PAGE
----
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Fair Housing Accessibility Guidelines cont'd
Requirement 2. Accessible and usable public and common use areas.
Section 100.205(c)(1) provides that covered multifamily dwellings with a building entrance on an accessible route shall be designed in such a manner that the public and common use areas are readily accessible to and usable by handicapped persons.

Guideline
The following chart identifies the public and common use areas that should be made accessible, cites the appropriate section of the ANSI Standard, and describes the appropriate application of the specifications, including modifications to the referenced Standard.

Basic Components for Accessible and
Usable Public and Common Use Areas or Facilities

Accessible element or space
ANSI A117.1 section
APPLICATION
1. Accessible route(s) 4.3 Within the boundary of the site:
  1. From public transportation stops, accessible parking spaces, accessible passenger loading zones, and public streets or sidewalks to accessible building entrances (subject to site considerations describes in section 5).
  2. Connecting accessible buildings, facilities, elements and spaces that are on the same site. On-grade walks or paths between separate buildings with covered multifamily dwellings, while not required, should be accessible unless the slope of finish grade exceeds 8.33% at any point along the route. Handrails are not required on these accessible walks.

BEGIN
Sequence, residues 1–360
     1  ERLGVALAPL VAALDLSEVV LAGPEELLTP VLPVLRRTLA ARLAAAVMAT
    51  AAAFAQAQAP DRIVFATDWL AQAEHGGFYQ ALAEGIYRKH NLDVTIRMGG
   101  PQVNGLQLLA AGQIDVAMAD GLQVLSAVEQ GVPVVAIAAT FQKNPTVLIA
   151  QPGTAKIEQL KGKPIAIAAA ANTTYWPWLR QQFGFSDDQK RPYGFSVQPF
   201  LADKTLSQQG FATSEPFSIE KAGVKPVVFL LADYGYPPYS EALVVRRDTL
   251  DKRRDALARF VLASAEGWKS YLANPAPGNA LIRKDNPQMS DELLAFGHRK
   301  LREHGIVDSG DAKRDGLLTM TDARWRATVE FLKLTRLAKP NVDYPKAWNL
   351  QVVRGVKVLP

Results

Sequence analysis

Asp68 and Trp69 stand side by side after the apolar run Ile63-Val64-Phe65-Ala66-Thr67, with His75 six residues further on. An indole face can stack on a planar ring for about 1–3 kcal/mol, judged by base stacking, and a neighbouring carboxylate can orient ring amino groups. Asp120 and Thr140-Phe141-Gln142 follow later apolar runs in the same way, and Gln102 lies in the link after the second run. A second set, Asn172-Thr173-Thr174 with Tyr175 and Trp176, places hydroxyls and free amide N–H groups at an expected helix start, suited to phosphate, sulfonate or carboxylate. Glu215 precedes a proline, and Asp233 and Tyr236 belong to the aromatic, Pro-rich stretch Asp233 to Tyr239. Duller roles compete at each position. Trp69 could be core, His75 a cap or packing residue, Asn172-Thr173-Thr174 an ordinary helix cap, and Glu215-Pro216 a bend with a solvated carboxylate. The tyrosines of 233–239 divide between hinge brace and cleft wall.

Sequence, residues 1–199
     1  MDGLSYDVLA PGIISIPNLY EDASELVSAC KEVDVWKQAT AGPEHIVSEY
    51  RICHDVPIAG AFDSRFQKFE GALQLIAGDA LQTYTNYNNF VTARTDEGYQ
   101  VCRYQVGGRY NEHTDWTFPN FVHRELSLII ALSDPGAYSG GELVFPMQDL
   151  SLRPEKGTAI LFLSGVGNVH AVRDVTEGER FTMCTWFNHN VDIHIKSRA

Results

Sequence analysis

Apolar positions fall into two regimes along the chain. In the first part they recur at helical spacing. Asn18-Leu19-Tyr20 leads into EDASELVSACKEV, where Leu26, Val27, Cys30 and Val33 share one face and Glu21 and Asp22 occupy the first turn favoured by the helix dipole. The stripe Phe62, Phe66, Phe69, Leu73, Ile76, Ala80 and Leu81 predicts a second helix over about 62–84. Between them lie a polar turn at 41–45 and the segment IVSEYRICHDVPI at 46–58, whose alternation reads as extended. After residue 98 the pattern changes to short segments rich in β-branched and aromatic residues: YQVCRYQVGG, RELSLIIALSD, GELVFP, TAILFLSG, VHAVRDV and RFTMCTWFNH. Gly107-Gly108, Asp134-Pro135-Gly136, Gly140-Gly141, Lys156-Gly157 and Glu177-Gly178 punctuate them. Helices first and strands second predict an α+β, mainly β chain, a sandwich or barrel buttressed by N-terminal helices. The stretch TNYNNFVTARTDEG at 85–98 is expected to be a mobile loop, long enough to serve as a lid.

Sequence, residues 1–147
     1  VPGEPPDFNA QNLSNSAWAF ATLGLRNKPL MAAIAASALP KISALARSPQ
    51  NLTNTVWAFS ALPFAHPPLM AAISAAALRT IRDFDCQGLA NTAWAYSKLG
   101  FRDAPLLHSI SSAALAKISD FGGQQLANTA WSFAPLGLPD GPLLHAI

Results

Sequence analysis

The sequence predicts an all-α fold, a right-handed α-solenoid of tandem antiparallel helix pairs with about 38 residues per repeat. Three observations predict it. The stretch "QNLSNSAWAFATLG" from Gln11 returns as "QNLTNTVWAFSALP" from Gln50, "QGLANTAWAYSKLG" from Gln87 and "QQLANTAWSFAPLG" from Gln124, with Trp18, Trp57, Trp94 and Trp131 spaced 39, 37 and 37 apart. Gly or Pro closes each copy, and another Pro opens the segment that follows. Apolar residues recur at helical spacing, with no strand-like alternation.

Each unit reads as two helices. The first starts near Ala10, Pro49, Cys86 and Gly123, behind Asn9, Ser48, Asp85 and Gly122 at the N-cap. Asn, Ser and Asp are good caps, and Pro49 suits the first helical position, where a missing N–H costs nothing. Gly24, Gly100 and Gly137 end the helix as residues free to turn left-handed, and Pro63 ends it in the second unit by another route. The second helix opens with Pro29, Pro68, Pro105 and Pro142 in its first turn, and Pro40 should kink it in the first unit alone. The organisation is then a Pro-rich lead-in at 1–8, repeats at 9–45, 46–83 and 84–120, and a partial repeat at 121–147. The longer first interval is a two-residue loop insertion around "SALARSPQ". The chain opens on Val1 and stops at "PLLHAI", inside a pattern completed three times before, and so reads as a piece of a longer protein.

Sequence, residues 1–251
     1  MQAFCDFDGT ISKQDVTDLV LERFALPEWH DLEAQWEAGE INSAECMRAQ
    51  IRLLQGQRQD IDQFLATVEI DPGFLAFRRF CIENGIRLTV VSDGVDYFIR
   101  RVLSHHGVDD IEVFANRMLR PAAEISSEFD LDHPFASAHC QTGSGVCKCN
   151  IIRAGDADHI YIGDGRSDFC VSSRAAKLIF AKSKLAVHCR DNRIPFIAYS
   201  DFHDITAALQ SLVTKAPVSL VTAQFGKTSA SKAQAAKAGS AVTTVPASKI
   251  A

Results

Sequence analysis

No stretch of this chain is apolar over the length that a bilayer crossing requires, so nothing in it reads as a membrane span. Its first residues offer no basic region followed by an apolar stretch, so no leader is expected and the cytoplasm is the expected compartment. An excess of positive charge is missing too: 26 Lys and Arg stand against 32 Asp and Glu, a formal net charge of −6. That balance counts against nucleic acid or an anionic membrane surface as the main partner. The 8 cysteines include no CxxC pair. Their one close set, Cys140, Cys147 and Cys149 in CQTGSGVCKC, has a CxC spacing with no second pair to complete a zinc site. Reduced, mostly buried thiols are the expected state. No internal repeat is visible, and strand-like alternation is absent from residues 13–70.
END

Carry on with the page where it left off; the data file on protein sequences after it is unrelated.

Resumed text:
3. Connecting accessible building or facility entrances with accessible spaces and elements within the building or facility, including adaptable dwelling units.
  4. Where site or legal constraints prevent a route accessible to wheelchair users between covered multifamily dwellings and public or common-use facilities elsewhere on the site, an acceptable alternative is the provision of access via a vehicular route so long as there is accessible parking on an accessible route to at least 2% of covered dwelling units, and necessary site provisions such as parking and curb cuts are available at the public or common use facility.
2. Protruding Objects 4.4 Accessible routes or maneuvering space including , but not limited to halls, corridors, passageways, or aisles.